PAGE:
Mid-America Christian University's Dr. Laurie Ward talks about simulating an on-ground classroom experience online.
While online learning is convenient, there are many things a curriculum designer creating an online static course still needs to consider:
- The type of student you’re trying to reach.
- The amount of time typical students have to dedicate to assignments, discussion boards, projects, and assessments.
- The amount of time instructors have to effectively grade and provide feedback to each of their students for assignments and discussions.
- The quality of assignments and how they reflect measurable objectives.
- The intent and rigor of required work assigned to students.
- How courses and curriculum are designed in light of quickly changing online learning environments.
One particularly important consideration designers should make, however, is the component of engagement between instructor and student, as well as student to student, that can often get lost in the digital interactions of an online course environment; it’s just not as easy for students and instructors to engage in one-to-one conversations online as it is in a real-world classroom.
However, with more resources becoming available in online learning environments, the ability to replicate an on-ground classroom environment that facilitates those kinds of conversations is becoming increasingly plausible.
Here are three ways to create an on-ground classroom environment that will keep students and instructors engaged in an online course:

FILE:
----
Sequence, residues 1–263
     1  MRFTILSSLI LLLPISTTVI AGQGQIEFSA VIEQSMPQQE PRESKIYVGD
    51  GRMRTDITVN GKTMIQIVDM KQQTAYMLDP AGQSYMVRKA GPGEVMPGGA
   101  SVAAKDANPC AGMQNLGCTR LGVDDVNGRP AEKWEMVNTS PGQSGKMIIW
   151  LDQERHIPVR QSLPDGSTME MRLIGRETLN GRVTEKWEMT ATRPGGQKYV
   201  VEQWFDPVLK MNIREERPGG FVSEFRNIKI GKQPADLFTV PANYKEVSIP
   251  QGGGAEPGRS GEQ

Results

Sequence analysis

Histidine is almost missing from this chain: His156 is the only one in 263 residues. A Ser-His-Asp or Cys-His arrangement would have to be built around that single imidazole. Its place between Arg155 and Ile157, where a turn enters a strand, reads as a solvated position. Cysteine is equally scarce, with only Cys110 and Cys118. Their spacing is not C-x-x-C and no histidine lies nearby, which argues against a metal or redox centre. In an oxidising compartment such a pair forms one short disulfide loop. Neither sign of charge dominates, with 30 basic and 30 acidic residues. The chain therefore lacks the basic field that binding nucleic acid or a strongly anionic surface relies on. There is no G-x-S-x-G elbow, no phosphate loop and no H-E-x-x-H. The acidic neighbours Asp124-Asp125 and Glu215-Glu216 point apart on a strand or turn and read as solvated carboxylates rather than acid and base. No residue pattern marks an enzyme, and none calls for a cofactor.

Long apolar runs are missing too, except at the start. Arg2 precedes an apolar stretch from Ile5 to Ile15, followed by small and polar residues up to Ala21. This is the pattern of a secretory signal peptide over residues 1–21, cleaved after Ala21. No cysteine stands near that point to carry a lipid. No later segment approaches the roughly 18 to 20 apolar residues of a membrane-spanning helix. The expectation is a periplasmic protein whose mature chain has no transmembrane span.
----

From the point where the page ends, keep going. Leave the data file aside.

Discussion Board Posts and Responses
As an online-driven university, the challenge of engagement in static online courses is one we at Mid-America Christian University confront each time we design, revise, or implement a course. We try to create the on-ground experience by simulating one-on-one interactions and engagements between students and instructors.
We have found that the discussion boards provide a safe environment for students to express opinions and individual discoveries while also receiving feedback from peers and the instructor. Discussion boards simulate the on-ground classroom experience by giving the student an outlet to show and prove their understanding of the material and to ask questions for clarification from their peers and the instructor.
Live video interactions: Instructor to student and student to student
Using video platform Bongo, we found that we could facilitate real-time, face-to-face interactions between students and instructors. We also found that we could provide the instructor with a way to engage with students asynchronously while simultaneously creating a personal experience for the students participating in the presentation as it’s happening.
Communication between instructors, curriculum designers, and build team
It became obvious that our static online courses would need to be modified as technology and resources become available and new content due to textbook revisions was required. We also determined we needed a way to track and record the changes that instructors and students identified while instructing or participating in the course. Help desk tickets were identified as the best way to inform the Instructional Technology and Course Build Team that modifications were needed and to confirm the completion of changes made to the courses.
Using online tools to replicate the kind of dialogue enabled by a real-world classroom experience is a great way to keep students engaged with teachers and each other. To learn more about how to create an on-ground experience in an online classroom environment register for Fusion 2017 and check out the session “How to Promote and Maintain Student and Instructor Engagement in Static Online Courses” with Dr. Laurie Ward on Thursday, July 20th.